OK, it turns out there has been one classic million-dollar mansion sold in Greensboro this year, after all. And it’s a landmark. 415 Sunset Drive was apparently unlisted before it was sold last month.
The Thornton Brooks House comprises 6,800 square feet on 1.5-plus acres in the heart of Irving Park. Six bedrooms, six bathrooms and two half baths. It was built in the mid-1930s for the son of a founder of the Brooks, Humphrey, etc., etc., law firm. Brooks and his wife owned the house for 51 years. Recently, it has fallen upon hard times. It has been listed for sale eight times since 2008 at prices ranging from $4.3 million down to $2.3 million. It finally sold for $1.5 million.
Benjamin Briggs of Preservation Greensboro reports that Sam and Ashley Simpson have bought house and will restore it for family use. Benjamin says:
Some photos from better days, via realtor.com:
Here’s a segment of the market for classic homes in Greensboro that’s doing just about nothing this year: $1 million and up. Not a single classic home in that price range has sold (as far as my records show). Where did all the millionaires go?
The most expensive classic house sold in Greensboro this year is 607 Woodland Drive in Irving Park, which went for $999,000 in May. The bigger-than-it-looks, 3,400 square-foot home sold for a stately $312 per square foot. It was on the market three days before the owners accepted the buyer’s offer. Your results may vary.
A 1965 Edward Lowenstein classic, 210 Kemp Road in Starmount Forest is listed at $975,000 and is now under contract. The owners are probably smart enough not to be counting their chickens or money until the sale closes, but the indoor swimming pool alone makes it worth mentioning. It may be the bargain of the year: At 7,200 square feet on just under an acre, the price works out to just $135 per square foot, a fraction of what you’ll usually pay in Greensboro’s high-end neighborhoods.
Let’s Get That Checkbook Out
Those are spoken for, but you still have seven classic homes to choose from at $1 million and up in Greensboro and Guilford County. Take your time; buyers aren’t falling all over each other to grab them. Most have been on the market for a while. Realtors say it takes longer to sell houses in this price range, and the market seems intent on proving them right.
What millionaire wouldn’t want an English manor house on Sedgefield’s Donald Ross course? For $2.9 million you get a 1935 Cotswold Tudor, 10,000-plus square foot home with four bedrooms, four full baths and three half baths, plus dining room, den, library, sunroom with a bar, stone terraces, etc. The lot is 2.88 acres. It’s been on the market for almost two years.
I tend to avoid calling houses “historic” just because they’re old. Hillsdale Farm does have some local history attached to it, though: It was built in 1929 by Lunsford Richardson III (a son of the Vicks VapoRub inventor) and his wife, Margaret, on what was then a 2,800-acre site. Now it’s just a 13,500 square-foot home with eight bedrooms, six bathrooms and 27 acres of wooded land overlooking Lake Brandt. It’s been for sale at $2.875 million for just two months.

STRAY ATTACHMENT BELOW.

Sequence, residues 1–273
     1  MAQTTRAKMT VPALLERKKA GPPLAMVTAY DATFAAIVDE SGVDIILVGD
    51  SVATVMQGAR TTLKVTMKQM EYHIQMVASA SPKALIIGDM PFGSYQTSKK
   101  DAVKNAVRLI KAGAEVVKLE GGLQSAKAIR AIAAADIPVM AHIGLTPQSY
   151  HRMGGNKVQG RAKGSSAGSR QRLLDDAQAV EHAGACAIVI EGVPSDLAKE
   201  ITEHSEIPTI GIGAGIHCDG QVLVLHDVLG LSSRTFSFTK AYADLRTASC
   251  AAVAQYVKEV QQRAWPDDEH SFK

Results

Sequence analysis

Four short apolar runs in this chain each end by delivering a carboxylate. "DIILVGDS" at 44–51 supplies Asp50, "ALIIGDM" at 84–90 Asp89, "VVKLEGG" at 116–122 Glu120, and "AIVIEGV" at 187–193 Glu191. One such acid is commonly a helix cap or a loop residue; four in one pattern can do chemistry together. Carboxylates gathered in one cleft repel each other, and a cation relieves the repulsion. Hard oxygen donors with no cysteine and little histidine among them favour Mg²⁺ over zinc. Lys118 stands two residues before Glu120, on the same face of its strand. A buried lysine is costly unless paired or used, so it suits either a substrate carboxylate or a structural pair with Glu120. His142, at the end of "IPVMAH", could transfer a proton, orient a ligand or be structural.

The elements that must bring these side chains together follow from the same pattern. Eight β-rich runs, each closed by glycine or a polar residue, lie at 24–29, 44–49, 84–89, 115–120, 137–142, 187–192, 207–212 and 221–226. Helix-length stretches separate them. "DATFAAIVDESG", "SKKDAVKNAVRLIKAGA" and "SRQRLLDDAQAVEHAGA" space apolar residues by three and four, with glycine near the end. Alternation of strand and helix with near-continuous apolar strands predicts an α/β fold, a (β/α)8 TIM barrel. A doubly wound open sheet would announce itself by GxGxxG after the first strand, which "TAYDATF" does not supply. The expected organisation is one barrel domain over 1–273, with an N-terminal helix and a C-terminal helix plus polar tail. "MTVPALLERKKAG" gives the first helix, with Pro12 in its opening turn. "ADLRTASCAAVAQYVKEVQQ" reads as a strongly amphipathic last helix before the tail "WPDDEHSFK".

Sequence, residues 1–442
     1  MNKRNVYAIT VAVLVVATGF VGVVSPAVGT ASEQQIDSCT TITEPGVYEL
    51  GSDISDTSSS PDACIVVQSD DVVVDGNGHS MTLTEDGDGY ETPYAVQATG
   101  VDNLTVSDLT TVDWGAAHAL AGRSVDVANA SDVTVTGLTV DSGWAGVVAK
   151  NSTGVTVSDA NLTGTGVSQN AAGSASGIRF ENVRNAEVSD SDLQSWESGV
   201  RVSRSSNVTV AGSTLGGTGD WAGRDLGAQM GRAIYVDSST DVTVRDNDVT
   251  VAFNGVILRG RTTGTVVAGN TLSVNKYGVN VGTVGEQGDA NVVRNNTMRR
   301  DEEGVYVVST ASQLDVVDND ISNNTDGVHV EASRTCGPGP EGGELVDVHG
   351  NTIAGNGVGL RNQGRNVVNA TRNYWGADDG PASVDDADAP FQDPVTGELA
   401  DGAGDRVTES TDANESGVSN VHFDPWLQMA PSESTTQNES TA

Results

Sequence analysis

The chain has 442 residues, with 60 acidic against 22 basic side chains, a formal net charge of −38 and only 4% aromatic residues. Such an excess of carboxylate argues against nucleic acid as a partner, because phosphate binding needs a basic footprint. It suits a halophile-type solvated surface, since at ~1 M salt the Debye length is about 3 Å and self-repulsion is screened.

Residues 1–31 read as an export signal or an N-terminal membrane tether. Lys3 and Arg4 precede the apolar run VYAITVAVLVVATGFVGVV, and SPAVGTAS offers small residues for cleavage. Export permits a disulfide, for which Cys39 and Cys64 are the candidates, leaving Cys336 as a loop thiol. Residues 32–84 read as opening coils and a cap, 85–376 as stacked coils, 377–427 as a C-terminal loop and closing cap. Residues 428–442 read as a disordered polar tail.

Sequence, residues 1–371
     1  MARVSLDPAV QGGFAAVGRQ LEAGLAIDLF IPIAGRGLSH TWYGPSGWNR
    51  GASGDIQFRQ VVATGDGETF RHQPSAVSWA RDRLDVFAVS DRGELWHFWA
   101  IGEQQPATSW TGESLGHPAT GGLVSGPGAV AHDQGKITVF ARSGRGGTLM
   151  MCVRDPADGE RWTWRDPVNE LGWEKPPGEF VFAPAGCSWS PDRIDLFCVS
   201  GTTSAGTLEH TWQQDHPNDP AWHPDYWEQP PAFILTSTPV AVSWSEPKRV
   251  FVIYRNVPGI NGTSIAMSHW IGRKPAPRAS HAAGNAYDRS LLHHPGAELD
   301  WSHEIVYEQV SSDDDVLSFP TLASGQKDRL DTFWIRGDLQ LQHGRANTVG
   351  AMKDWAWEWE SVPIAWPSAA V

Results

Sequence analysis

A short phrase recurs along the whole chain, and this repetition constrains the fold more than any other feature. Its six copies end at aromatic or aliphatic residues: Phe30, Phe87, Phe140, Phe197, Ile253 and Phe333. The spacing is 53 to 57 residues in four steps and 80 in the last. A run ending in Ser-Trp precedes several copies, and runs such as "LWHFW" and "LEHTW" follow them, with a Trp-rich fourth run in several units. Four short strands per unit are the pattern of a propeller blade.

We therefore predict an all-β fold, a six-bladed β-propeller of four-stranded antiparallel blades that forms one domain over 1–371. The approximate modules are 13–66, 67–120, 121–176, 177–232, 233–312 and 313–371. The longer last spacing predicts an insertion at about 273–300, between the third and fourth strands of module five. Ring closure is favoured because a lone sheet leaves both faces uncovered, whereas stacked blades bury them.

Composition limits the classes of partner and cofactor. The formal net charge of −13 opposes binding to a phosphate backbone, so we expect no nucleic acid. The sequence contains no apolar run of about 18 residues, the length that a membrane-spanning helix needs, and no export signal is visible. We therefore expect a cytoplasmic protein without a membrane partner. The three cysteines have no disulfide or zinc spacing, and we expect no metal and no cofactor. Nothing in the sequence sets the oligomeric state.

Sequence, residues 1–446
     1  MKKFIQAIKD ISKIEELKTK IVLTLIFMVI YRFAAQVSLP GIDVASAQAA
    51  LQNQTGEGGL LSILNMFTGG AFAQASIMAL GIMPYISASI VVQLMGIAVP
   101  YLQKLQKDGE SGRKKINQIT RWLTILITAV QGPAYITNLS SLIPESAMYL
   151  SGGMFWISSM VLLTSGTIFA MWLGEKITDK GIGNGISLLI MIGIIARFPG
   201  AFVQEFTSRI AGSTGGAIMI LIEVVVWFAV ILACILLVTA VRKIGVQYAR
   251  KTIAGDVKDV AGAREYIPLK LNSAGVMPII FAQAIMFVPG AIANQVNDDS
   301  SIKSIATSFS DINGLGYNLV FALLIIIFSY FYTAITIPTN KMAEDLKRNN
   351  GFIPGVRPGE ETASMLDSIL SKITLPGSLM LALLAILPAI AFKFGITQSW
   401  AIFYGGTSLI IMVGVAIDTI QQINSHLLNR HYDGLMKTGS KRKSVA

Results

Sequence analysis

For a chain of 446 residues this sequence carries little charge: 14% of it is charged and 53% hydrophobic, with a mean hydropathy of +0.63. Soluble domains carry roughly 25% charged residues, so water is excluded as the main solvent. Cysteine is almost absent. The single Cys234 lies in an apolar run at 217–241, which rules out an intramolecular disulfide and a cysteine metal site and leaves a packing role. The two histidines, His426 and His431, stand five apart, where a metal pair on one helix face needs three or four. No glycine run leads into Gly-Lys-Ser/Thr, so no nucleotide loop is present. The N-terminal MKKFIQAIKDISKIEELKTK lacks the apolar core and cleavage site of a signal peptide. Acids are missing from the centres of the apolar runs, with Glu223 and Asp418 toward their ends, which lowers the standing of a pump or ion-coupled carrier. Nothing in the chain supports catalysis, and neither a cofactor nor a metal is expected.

The most expensive classic home in Greensboro proper is an Irving Park brick Georgian with five bedrooms, five and a half baths and a five-car garage. It has been for sale at an uncompromising $1.79 million since March, the sixth time since 2011 that its current owners have put it on the market. It comes with a smaller piece of Greensboro’s entrepreneurial history: It’s owned by Martin Sprock, founder of Moe’s Southwest Grill (who now lives in Charlotte).
This 1937 house has been for sale since April at $1.785 million. At 4,600 square feet, it isn’t the biggest mansion you can find, but it’s not without distinction: With an opulent $388 per square foot price, it’s the most expensive classic home in Greensboro on that basis. The newly renovated home has a den/study with a wet bar, gourmet kitchen with a butler’s pantry, a master suite with a balcony and guest quarters above the garage. That’s where your chauffeur could live.
After Ayrshire, this 1928 gem is the most extravagantly designed among this bunch, a “massive Elizabethan-style dwelling with steeply pitched gables, stuccoed walls patterned in diamonds and squares at gables, all topped with distinctive tile roof,” the listing says. Its $1.69 million price is reduced from the original $1.899 million, making it the one of the few on this list that have been marked down.
For $1.295 million, a great example of how Greensboro’s elite lived 100 years ago: twin living rooms, a library, an English garden with patio and pergola, towering front columns and a neoclassical facade. Thoroughly renovated, beautifully landscaped, 5,200 square feet. Built in 1912.
For sale only since August, this 1925 Tudor classic overlooks the Greensboro Country Club golf course. For $1.295 million, you get 4,200 recently renovated square feet on a half acre, plus a two-bedroom, two-bath guest house attached to the garage (chauffeur). Powerball winners and other millionaires wouldn’t even blink at the $307 per square foot price.